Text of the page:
I like to know how to sample a finished product or ingredient so that the sample to be tested is representative of the product as a whole so it will increase confidence in subsequent test result. This is needed to verify a particular finished product lot or incoming ingredient lot is allergen free.
Sampling is not a simple process of looking up a sample size in a table. There are many factors that influence how you develop a sampling plan. When I develop a QA program, I always try to develop the program to answer a specific question or develop a null hypothesis. Once I have framed the question, I can then develop a sampling plan to help develop the answer.
It appears that the question you would like to ask is the following:
• Is an allergen present in either a lot of finished product or in a lot of ingredient?
This question deals with an attribute issue.
In developing a plan, one needs to take into account a number of statistical assumptions including the following:
• Is the process relatively stable? In statistical process control terms, the process is rarely affected by special or assignable causes of variation. The following is an alternative way to describe a stable process. Is the allergen evenly distributed in the lot or can the allergen be concentrated in one part of the lot? Answering this question helps defines the unit.
• A random sampling plan must be used to select the units to be tested.
• A unit must be defined. The unit must either possess the characteristic or not possess the characteristic. The presence of the characteristic makes the unit defective. Many times in food sampling, a unit may be difficult to define.
• A test must be available that can determine if the unit contains the characteristic. It is permissible to test a portion of the unit as long as long as that portion of the unit correctly identifies whether the unit is or is not defective.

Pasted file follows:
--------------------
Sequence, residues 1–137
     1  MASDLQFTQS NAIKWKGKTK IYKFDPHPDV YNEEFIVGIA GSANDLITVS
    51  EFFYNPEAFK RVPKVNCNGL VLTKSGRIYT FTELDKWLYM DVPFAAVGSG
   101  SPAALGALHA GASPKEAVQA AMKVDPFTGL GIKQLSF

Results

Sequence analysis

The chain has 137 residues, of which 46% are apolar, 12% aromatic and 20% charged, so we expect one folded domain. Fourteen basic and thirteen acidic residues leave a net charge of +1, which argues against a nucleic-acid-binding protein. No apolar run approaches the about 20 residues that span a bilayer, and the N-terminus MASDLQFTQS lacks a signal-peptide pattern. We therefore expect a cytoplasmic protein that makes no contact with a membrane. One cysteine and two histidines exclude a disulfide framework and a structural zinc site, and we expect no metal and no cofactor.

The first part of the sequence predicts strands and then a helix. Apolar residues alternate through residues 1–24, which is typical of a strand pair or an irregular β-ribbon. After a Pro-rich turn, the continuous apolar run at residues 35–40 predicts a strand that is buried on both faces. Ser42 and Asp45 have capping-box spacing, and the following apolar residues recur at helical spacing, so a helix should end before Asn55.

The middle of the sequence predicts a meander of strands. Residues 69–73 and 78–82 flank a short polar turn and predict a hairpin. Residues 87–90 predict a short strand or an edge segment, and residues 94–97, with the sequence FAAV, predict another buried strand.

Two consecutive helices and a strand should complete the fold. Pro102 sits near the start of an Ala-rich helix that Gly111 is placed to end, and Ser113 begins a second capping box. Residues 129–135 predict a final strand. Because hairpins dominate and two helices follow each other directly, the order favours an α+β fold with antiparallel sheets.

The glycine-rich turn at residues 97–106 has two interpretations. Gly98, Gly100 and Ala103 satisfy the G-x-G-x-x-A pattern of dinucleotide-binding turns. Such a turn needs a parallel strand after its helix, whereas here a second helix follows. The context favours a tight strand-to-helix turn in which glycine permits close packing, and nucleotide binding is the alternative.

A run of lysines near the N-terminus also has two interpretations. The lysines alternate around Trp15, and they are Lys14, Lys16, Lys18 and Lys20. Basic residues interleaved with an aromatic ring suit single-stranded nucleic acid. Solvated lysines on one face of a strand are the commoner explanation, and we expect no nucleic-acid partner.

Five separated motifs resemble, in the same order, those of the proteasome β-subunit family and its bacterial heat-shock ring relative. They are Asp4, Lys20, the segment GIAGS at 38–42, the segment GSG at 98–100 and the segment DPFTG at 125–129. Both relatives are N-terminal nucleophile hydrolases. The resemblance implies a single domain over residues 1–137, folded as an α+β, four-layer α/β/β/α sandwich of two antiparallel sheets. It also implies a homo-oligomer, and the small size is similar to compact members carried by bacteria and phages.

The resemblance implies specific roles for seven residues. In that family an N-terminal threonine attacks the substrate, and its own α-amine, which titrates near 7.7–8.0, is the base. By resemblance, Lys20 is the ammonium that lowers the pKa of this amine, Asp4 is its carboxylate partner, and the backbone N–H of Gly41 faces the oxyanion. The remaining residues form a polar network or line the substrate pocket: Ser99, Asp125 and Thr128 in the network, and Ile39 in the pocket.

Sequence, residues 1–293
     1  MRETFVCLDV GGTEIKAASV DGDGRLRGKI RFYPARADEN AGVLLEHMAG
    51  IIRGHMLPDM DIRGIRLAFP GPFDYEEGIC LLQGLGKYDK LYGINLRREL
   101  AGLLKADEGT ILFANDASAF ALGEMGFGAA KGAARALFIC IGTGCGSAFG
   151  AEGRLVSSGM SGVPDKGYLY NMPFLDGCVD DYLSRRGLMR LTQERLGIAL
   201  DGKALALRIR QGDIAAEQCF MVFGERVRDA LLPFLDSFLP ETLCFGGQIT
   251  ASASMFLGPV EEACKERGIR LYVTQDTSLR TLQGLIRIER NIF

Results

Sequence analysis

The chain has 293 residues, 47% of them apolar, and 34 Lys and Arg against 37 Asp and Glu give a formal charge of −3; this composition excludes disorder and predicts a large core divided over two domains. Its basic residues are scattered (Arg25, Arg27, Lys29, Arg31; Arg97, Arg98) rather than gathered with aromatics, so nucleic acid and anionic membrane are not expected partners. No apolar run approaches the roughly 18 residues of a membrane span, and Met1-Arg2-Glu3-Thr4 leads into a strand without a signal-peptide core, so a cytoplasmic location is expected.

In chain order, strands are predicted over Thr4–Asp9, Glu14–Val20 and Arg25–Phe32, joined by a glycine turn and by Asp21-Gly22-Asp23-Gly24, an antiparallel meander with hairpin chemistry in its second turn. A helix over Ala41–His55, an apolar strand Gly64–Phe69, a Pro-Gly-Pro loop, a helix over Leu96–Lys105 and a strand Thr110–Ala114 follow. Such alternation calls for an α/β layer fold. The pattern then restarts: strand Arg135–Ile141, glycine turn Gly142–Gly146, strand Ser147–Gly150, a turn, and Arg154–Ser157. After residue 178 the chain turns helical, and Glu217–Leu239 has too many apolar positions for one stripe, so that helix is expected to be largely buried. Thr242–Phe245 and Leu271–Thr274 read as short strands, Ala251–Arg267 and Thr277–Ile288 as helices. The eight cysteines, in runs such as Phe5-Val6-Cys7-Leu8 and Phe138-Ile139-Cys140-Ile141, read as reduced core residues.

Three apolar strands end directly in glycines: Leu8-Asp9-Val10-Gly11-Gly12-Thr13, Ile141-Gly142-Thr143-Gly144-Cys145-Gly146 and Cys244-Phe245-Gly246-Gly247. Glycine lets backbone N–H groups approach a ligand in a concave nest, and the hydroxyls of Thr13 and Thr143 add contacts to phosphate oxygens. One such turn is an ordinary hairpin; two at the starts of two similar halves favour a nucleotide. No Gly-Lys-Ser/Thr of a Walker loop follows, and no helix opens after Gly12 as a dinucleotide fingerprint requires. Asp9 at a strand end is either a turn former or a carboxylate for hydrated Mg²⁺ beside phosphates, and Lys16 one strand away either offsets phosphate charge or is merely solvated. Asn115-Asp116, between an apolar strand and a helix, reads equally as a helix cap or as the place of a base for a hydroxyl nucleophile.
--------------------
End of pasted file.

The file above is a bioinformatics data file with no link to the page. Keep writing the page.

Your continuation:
• A sampling plan must be developed in which the units will be collected. Every unit must have an equal chance of being selected for analysis (random sampling).
• The number of units that possess the characteristic must be small (less than 10%) as compared to the number of units that do not possess the characteristic. The removal of the number of units for analysis cannot affect the portion of defective units in the lot.
• The number of “units” in the lot does NOT affect the sensitivity of the attribute sampling plan.
• The portion of units that are defective is critical to the sampling plan. If the portion of defective units declines there needs to be an increase in the number of units sampled to ensure that the sensitivity or power of the sampling plan does not change.
• The total number of units sampled is critical for the sensitivity or power of the sampling plan. The power increases with an increase in number of units sampled and tested to determine if they are defective.
• If the portion of defective units can be estimated, it is possible to calculate the power of the sampling plan using the binomial distribution. Likewise, if a sampling plan is selected, it is possible to calculate the power of the sampling plan for a specific proportion of defective units.
• Need to define the confidence level that is desired to determine whether a lot contains or does not contain the allergen.
• Acceptance number. The smaller the acceptance number, the less of a risk the lot will contain units that are defective. The smaller the acceptance number the more sensitive the sampling plan.
The alternative method is to develop a QA system based on the concepts of process control. A classical approach is to use HACCP.
John G. Surak, PhD
– Providing food safety and quality solutions –
For more information on this topic, please visit ASQ’s website.